What I Learned on My Summer (Working) Vacation
Tuesday, July 26, 2005
Okay, that sounds like a Grade 7 homework assignment, but bear with me. I promise to make this a bit more interesting. (Or at least I'll try.) Here are 7 things I learned during my weekend trip to Washington for the DONA International Conference.
1. There is probably no limit to what I will pay for a certain brand of coffee. Like $4.40 USD for a Venti Bold. Highway robbery, but I paid.
2. You should read the shopping restrictions before you leave Canada, not after you've shopped. A moment of indiscretion with two leather purses (one in my favorite shade of green-yellow, one in the red that matches my SUV) pushed me over the top. I thought there was a 72 hour shopping value that fell between what you could spend in 48 hrs. and 7 days, but no such luck.
3. Not all border officials are green meanies. I had very nice, friendly people in both directions. They didn't even make me pay any duty for my over-shopping faux pas. They simply thanked me for my honesty. (That totally restored my faith in humanity, the universe, etc., after my recent run of bad luck -- proof that I was destined to buy those purses.)
4. Doulas are the most nurturing people on the planet. I felt like I was hanging out with a group of friends all weekend long. I had a blast! I also took some really informative workshops on making your birth plan work in the real world, the latest types of epidurals, factors that are driving rising c-section rates, and intimate partner violence during pregnancy.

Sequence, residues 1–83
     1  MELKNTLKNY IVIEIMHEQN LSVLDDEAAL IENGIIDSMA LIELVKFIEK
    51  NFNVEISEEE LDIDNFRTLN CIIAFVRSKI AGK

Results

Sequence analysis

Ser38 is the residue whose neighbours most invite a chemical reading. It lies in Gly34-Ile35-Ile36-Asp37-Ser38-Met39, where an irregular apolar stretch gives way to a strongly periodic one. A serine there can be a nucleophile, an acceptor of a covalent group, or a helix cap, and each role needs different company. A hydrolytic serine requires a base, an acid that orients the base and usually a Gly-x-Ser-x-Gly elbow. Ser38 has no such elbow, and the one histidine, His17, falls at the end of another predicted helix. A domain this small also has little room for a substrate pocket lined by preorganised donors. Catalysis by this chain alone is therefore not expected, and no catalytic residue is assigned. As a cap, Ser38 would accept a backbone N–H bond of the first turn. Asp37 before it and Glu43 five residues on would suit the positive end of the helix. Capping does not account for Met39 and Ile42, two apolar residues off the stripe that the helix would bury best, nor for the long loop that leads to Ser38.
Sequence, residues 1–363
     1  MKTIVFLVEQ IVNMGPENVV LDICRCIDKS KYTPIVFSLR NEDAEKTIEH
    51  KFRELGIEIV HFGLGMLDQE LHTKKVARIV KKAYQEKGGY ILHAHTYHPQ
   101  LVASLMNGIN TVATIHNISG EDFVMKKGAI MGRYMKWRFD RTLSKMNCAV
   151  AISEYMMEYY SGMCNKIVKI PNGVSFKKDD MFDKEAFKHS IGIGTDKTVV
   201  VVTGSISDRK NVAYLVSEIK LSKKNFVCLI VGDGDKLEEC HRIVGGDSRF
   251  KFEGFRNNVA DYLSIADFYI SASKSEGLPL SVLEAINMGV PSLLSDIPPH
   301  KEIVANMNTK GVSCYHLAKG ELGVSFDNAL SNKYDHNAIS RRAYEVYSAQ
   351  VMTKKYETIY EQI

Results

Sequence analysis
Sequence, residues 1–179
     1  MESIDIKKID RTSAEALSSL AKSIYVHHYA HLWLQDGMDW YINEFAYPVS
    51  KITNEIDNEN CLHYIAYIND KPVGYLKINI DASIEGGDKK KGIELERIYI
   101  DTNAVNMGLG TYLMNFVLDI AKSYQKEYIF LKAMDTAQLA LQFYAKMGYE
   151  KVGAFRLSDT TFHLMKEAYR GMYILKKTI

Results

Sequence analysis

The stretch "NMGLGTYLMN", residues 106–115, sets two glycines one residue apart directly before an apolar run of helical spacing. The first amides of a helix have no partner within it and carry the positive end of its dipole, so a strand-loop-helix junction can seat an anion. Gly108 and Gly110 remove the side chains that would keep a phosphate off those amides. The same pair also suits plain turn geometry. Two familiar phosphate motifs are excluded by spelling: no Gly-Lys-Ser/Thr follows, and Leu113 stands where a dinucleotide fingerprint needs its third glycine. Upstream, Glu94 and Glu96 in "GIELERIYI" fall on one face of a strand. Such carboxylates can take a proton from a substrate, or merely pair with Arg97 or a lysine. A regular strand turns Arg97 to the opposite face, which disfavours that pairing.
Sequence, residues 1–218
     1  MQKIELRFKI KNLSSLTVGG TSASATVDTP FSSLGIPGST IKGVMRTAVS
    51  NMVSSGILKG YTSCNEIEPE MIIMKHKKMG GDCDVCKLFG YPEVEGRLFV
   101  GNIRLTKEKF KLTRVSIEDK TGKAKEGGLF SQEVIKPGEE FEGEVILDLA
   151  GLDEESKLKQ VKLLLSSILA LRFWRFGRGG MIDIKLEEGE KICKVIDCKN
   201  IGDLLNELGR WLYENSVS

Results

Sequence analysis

5. Birth makes an amazing subject for a play. I had the opportunity to see Birth: The Play performed while I was in Washington. The play was both powerful and funny. (Think The Vagina Monologues, but with a birth experience thrown in!) If you have the chance to take in a performance, I highly recommend that you go. It was one of the highlights of my weekend.
6. This is the best "sleep music" I have ever come across in my life! I bought it while I was away because I needed something to drown out all the background noise at the hotel. I never got past the second track any night when I was listening to it. Travelers/insomniacs of the world, take note!
7. A quiet hotel room in another country is a great place to work. There are no distractions (unless you want to watch really bad TV). And there's an endless supply of coffee in the hotel lobby (well, as long as you can keep coming up with the $4.40 USD to keep financing your habit).
| posted by Ann D @ 10:35 AM